Figure 7. Effect of Ad/Prx-3 gene transfer on tyrosine nitration of hippocampal proteins. The hippocampus from sham-operated (Sham), Ad/α-gal-infected plus ibotenic acid injected (Ad/α-gal + IBO), and Ad/Prx-3-infected plus ibotenic acid-injected (Ad/Prx-3 + IBO) rats was isolated and homogenized 12 days after microinjection of ibotenic acid as described in Experimental procedures. The extracted proteins were subjected to 12.5% SDS-PAGE. Nitrated proteins (a) and Prx-3 protein (b) were visualized by western blotting using an anti-nitrotyrosine antibody (a) and an anti-AOP (Prx-3) antibody (b), respectively. To confirm the amount of loaded proteins, total proteins were also visualized by Coomassie Brilliant Blue (CBB) staining. The CBB-stained gel is shown (c). Three independent samples per group were loaded and visualized. Arrows indicate significantly tyrosine-nitrated proteins. M, molecular weight markers.

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Mitochondrial localization of Prx-3/GFP chimera in NIH-3T3 cell

  1. Top of page
  2. Abstract
  3. Experimental procedures
  4. Cloning of rat Prx-3 cDNA and construction of expression vector for Prx-3/GFP chimera
  5. Construction and preparation of recombinant adenoviral vectors
  6. In vivo adenoviral gene transfer and microinjection of ibotenic acid
  7. Real-time quantitative RT-PCR analysis
  8. Immunohistochemistry
  9. Histochemistry
  10. Peripheral type benzodiazepine binding sites (PTBBS) assay
  11. Western blot analysis
  12. Results
  13. Immunohistochemical analysis of Prx-3 in rat brain
  14. Microinjection of ibotenic acid reduces Prx-3 mRNA amount in the hippocampus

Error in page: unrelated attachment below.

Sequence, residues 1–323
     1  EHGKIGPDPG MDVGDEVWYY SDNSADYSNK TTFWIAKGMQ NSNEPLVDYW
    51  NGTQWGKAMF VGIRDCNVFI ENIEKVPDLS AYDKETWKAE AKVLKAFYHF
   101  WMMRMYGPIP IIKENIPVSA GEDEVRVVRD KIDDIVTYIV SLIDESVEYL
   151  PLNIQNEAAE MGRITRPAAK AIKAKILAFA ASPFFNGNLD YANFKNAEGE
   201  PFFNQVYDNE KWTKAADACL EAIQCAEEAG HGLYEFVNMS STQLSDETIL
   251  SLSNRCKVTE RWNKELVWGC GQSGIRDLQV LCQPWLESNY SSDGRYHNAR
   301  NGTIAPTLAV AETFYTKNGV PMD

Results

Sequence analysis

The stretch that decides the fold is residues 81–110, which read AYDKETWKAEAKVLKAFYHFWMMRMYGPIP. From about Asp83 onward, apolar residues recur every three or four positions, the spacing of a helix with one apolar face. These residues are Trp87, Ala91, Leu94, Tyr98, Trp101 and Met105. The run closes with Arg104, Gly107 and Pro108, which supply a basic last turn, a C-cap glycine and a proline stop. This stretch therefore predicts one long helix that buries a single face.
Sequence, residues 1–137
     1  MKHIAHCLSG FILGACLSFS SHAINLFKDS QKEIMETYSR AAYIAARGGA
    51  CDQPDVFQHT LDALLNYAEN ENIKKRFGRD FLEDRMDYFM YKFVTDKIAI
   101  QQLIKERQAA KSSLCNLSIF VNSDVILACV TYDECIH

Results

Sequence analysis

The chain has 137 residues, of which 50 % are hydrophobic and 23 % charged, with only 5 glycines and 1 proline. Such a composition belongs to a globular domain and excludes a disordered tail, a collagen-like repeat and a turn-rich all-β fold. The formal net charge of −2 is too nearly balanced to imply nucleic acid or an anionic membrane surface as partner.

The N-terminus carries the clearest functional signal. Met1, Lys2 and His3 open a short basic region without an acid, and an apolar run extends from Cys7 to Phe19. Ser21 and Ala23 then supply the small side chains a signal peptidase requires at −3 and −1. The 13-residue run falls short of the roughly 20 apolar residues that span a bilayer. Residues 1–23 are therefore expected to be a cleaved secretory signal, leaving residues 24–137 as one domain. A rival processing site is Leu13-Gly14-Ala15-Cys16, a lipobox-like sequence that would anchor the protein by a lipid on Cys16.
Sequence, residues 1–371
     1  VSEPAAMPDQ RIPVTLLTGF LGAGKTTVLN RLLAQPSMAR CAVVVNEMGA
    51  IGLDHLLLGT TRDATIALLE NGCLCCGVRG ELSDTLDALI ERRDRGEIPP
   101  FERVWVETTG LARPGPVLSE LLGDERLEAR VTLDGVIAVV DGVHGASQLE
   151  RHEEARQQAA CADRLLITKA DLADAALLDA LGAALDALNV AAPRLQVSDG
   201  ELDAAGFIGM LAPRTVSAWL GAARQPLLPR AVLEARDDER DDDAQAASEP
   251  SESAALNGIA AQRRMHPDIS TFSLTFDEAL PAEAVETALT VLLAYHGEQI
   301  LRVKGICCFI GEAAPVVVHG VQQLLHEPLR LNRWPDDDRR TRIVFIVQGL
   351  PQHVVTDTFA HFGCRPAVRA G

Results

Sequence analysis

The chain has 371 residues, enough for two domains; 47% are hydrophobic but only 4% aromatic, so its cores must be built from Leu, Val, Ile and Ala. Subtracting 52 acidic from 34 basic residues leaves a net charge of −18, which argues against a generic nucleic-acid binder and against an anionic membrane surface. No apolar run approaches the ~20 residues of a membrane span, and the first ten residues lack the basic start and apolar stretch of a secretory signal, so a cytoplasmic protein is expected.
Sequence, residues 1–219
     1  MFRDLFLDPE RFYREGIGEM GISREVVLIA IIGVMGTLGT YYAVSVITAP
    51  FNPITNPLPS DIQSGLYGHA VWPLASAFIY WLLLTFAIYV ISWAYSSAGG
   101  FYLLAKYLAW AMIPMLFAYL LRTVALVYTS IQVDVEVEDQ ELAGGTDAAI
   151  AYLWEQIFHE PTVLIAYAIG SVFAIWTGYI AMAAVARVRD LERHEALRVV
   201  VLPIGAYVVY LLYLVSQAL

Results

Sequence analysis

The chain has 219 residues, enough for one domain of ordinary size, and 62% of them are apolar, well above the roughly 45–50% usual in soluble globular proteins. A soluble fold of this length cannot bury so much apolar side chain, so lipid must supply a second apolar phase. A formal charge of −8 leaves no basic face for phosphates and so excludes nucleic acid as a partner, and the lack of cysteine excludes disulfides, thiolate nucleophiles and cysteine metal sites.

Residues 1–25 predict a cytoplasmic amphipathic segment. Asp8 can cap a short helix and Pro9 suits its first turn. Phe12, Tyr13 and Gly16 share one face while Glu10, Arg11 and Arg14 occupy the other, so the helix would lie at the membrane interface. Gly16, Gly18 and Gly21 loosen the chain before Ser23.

15. In vivo gene transfer of Ad/β-gal and Ad/Prx-3
  16. Adenoviral Prx-3 gene transfer suppresses an increase in PTBBS evoked by microinjection of ibotenic acid
  17. Histochemical analysis confirms that Prx-3 protects against neuronal cell death
  18. Prx-3 prevents tyrosine nitration of hippocampal proteins in vivo
  19. Mitochondrial localization of Prx-3/GFP chimera in NIH-3T3 cell
  20. Discussion
  21. References

To examine whether the expressed Prx-3 protein remains in the cytoplasm or is indeed specifically translocated to the mitochondria as expected, we finally performed an in vitro experiment using a Prx-3/GFP chimeric construct and NIH-3T3 cells. After transfection of NIH-3T3 cells with Prx-3/GFP chimeric construct, cells were loaded with MitoTracker Red, a mitochondrial indicator. Fluorescent signals of GFP (green) and MitoTracker (red) were visualized under confocal microscopy and shown on the left (green) and in the center (red) (Fig. 8). When two signals were superimposed, yellow color signals were observed (on the right), suggesting that Prx-3/GFP protein is specifically localized in mitchondria.

image

Figure 8. Mitochondrial localization of Prx-3/GFP chimera in NIH-3T3 cell. Non-viral expression vector for Prx-3/GFP chimera was introduced into NIH-3T3 cells using Lipofectamine 2000 (Invitrogen). After 2 days, MitoTracker Red (Molecular Probes) was loaded into the cells. Fluorescent signals of GFP (green) and MitoTracker (red) were visualized under confocal microscopy and shown in the left (green) and in the center (red). Superimposition of two signals is shown in the right. Scale Bar = 10 µm.

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Discussion

  1. Top of page
  2. Abstract
  3. Experimental procedures